Tribunal doubts whether tax treaty benefits can be extended to the DDT

by | Jul 31, 2022 | Income Tax

The Hon’ble Mumbai ITAT in the matter of 
Deputy CIT vs. Total Oil India Pvt. Ltd. has expressed doubts on the correctness of the decisions of the coordinate benches on the dividend distribution tax (DDT) rate being restricted by the treaty provision dealing with taxation of dividends in the hands of the shareholders. In those decisions, Delhi ITAT (in the case of Giesecke & Devrient India Pvt Ltd Vs ACIT) held that tax rates specified in DTAA in respect of dividend must prevail over DDT and the similar stand was adopted by Kolkata Tribunal in the case of DCIT vs Indian Oil Petronas Pvt Ltd. In this regard, Mumbai Tribunal listed out numerous of reasons for doubting correctness of the decisions and directed for the constitution of a special bench so that all the aspects relating to this issue can be considered.

Tribunal’s Findings

Hon’ble Tribunal gave the following reasons for doubting the correctness of the aforesaid decisions of the coordinate benches-

Dividend distribution tax (DDT) cannot be treated as a tax on behalf of the recipient of dividends

Hon’ble supreme court in the matter of Godrej & Boyce Mfg Co Ltd Vs DCIT observed that the payment of dividend distribution tax under section 115 ‘O’ does not discharge the tax liability of the shareholders. It is a liability of the company and discharged by the company. Whatever be the conceptual foundation of such a tax, it is not a tax paid by, or on behalf of, the shareholder.

No tax credit in DDT paid in the hands of shareholder

Under Tax treaties, no tax credits are envisaged in the hands of the shareholder in respect of the DDT paid by the company. Thus DDT cannot be equated with a tax paid by, or on behalf of, a shareholder in receipt of a such dividend.

DDT is a tax on “a company declaring the dividends not on the dividends”

In the case of Volkswagen of South Africa (Pty) Ltd Vs Commissioner of South African Revenue Service (Case no. 24201/2007) Hon’ble South African High Court has observed that a similar dividend distribution tax, known as Secondary Tax on Companies (STC) paid on the distribution of dividends, is a tax on “a company declaring the dividends and not on dividends” and Hon’ble South African High Court noted as follows-

  • STC is a taxation of the company declaring a dividend and is not a taxation of the recipient of the dividend, and consequently as stated earlier Article 7 of the DTA does not apply to STC.
  • The above conclusion is further supported by a proper reading and analysis of Article 7(2)(a) which refers to a recipient of dividends and not to a company declaring the dividend. The benefits conferred by the said Article are to be enjoyed by the recipients of the dividends and not the company declaring the dividends.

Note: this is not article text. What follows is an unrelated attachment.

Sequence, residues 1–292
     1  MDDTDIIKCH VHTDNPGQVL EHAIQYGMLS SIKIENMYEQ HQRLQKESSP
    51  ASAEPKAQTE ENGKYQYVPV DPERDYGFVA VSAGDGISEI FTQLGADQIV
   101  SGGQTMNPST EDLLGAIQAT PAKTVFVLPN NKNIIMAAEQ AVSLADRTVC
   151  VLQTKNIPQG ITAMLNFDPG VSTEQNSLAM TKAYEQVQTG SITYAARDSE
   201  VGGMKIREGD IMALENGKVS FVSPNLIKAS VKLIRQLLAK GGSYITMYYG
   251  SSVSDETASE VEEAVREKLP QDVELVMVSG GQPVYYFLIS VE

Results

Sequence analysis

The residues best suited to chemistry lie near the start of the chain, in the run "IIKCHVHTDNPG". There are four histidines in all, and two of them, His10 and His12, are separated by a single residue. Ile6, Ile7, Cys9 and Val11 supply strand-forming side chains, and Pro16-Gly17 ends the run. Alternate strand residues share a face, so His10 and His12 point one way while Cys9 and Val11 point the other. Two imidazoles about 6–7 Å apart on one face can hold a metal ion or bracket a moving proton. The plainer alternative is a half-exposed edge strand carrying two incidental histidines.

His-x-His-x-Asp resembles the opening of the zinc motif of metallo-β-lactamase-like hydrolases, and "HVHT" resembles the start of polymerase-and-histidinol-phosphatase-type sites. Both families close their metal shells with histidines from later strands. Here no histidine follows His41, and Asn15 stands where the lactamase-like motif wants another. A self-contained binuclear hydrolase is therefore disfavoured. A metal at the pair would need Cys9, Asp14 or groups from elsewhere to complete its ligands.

The Tribunal observed that while the views so expressed by a foreign judicial body do not bind any judicial body in India, these views at least suggest that this school of thought reflected in the said decision deserves to examined in a fair, judicious and open-minded manner.

Tax treaties are agreements between the treaty partner jurisdictions, and agreements are to be interpreted as they exist and not on the basis of what ideally these agreements should have been

Tribunal observed that Wherever the Contracting States to a tax treaty intended to extend the treaty protection to the dividend distribution tax, it has been so specifically provided in the tax treaty itself. For example, in India Hungry Double Taxation Avoidance Agreement [ (2005) 274 ITR (Stat) 74; Indo Hungarian tax treaty, in short], it is specifically provided that “When the company paying the dividends is a resident of India the tax on distributed profits shall be deemed to be taxed in the hands of the shareholders and it shall not exceed 10 per cent of the gross amount of dividend”. That is a provision in the protocol, which is essentially an integral part of the treaty, and the protocol to a treaty is as binding as the provisions in the main treaty itself.

In the absence of such a provision in other tax treaties, it cannot be inferred as such because a protocol does not explain, but rather lays down, a treaty provision.

And for all these reasons, tribunal referred the issue to special bench, consisting of three or more Members, for consideration in comprehensive manner and the question referred by the Tribunal before special bench is as follows-

   “Whether the protection granted by the tax treaties, under section 90 of the Income Tax Act, 1961, in respect of taxation of dividend in the source jurisdiction, can be extended, even in the absence of a specific treaty provision to that effect, to the dividend distribution tax under section 115 ‘O’ in the hands of a domestic company?”

About special Bench

Whenever there are contradictory decisions on the same issue by different benches of a tribunal, then the issue is generally referred to special bench for adjudication.

And the Hon’ble tribunal mentioned that in the case of Union of India Vs Paras Laminates Pvt Ltd that those exercising judicial power must have the necessary freedom to doubt the correctness of an earlier decision if and when subsequent proceedings being to light what is perceived by them as an erroneous decision in the earlier case” and that “in such circumstances, it is but natural and reasonable and indeed efficacious that the case is referred to a larger bench”.

1 Comment

  1. gate 交易所

    Great article! Your article helped me a lot. Thanks!


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